LONDON, ENGLAND - JUNE 17: Foreign Secretary and Conservative Party leadership candidate Jeremy Hunt returns to his home following a morning run, on June 17, 2019 in London, England. Hunt took part in a televised debate yesterday, which saw him join Michael Gove, Sajid Javid, Dominic Raab and Rory Stewart as they were questioned on how they would handle Brexit negotiations and their plans for the future if they were to win the race to become the leader of the Conservative Party and next Prime Minister. Current favourite Boris Johnson chose not to take part in the debate, with this place marked by an empty podium. (Photo by Leon Neal/Getty Images)
Conservative party leadership contender Rory Stewart at a vote rally at the Underbelly Festival Garden on the Southbank in London.
Anti Brexit protesters in Westminster as inside Parliament the Tory leadership race continues on 17th June 2019 in London, England, United Kingdom. (photo by Mike Kemp/In Pictures via Getty Images)
Anti Brexit protesters waving European Union flags in Westminster as inside Parliament the Tory leadership race continues on 17th June 2019 in London, England, United Kingdom. (photo by Mike Kemp/In Pictures via Getty Images)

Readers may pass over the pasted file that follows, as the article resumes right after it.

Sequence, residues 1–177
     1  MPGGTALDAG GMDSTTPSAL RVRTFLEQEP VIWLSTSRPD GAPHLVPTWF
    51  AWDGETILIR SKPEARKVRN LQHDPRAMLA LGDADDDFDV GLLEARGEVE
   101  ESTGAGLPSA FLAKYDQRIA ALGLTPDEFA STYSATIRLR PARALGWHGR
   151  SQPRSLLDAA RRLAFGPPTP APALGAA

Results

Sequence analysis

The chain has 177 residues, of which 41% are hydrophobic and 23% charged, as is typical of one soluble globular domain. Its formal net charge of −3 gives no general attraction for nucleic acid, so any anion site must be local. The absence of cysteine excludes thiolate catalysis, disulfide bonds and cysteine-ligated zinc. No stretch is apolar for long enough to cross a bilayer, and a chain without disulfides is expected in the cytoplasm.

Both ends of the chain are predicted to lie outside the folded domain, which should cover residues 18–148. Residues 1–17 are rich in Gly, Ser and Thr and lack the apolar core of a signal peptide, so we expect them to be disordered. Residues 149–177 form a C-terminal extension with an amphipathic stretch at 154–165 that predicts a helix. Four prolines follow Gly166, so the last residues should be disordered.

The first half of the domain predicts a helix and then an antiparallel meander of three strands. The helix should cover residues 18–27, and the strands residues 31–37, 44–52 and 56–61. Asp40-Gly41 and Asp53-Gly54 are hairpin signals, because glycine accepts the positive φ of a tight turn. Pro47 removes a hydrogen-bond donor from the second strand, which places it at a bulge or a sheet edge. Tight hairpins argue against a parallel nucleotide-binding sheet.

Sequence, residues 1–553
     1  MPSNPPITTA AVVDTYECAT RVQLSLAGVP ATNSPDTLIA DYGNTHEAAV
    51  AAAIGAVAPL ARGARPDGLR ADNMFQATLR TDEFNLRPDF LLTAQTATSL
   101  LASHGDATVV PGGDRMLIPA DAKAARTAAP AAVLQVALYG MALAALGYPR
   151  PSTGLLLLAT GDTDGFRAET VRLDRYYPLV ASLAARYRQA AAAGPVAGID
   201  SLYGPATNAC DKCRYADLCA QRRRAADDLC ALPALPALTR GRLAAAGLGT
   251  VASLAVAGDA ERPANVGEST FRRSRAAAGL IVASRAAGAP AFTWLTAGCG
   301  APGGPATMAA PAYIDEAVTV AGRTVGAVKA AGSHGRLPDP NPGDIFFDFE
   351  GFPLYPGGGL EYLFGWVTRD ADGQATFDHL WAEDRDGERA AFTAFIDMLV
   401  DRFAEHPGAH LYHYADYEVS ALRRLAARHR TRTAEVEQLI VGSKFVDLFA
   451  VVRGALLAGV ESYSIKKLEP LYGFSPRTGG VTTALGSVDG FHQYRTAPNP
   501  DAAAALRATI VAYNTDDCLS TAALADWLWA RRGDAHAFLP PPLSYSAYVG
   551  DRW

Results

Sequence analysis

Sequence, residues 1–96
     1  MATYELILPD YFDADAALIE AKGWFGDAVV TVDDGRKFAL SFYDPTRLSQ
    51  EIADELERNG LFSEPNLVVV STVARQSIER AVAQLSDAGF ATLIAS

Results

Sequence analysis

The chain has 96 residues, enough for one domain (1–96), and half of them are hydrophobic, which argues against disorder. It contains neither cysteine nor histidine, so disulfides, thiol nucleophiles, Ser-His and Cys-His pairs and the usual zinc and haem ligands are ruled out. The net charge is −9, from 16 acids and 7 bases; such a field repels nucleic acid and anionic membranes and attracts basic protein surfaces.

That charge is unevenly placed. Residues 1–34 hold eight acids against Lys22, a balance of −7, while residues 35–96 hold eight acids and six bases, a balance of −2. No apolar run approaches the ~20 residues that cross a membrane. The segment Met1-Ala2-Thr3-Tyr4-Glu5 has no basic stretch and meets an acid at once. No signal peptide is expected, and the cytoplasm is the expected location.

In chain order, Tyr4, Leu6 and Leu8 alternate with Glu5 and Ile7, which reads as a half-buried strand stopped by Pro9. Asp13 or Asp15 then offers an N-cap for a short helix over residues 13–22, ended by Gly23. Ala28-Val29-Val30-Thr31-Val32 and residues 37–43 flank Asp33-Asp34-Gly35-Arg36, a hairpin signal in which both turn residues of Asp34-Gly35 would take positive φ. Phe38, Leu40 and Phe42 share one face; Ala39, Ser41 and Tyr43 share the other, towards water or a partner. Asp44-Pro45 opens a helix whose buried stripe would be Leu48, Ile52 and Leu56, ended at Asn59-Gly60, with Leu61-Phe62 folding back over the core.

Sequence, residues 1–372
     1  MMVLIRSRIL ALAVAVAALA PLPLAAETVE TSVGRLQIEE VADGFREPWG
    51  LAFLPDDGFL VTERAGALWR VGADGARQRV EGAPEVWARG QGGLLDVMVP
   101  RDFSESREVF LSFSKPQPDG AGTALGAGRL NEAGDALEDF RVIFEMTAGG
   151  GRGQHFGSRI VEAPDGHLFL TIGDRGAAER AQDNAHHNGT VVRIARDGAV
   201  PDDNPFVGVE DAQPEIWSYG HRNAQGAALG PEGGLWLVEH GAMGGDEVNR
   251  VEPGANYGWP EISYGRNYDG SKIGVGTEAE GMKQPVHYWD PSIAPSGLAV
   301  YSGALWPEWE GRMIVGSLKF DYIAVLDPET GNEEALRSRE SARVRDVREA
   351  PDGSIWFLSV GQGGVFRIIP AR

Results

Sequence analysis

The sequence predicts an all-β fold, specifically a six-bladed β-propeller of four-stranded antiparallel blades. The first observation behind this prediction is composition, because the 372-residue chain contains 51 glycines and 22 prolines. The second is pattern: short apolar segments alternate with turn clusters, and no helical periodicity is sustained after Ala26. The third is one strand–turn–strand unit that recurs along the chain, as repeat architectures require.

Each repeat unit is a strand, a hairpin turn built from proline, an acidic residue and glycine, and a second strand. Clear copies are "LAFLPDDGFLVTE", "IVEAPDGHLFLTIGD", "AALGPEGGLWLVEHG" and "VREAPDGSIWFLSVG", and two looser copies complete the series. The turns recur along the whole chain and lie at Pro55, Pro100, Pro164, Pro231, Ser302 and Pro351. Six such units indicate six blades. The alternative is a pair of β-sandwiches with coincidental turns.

HIDE CAPTION
SHOW CAPTION
of
SEE ALL
BACK TO SLIDE

However, the two candidates' camps clashed over who would remain in the race if Mr Stewart and the Environment Secretary joined forces.

A Stewart campaign spokeswoman said: "Clearly at some point people will need to combine teams.

"But any team that gets combined, Rory wants to lead it. Rory's in this to win."

And a source in the Gove camp insisted the Environment Secretary had no intention of quitting.

The source said: "We are in it to win it and we would obviously welcome the support of any candidate that wanted to drop out and support us."

Mr Stewart nearly doubled his backing to 37 votes in Tuesday's second ballot of Tory MPs, leaving him just four votes behind Mr Gove.

The move came as fellow leadership hopeful Jeremy Hunt took a swipe at Mr Johnson's Brexit stance, insisting his rival has an unclear policy and suggesting he is not trusted in Brussels.

The Foreign Secretary said he was "not entirely sure" what the front-runner believes when it comes to when Britain will leave the EU.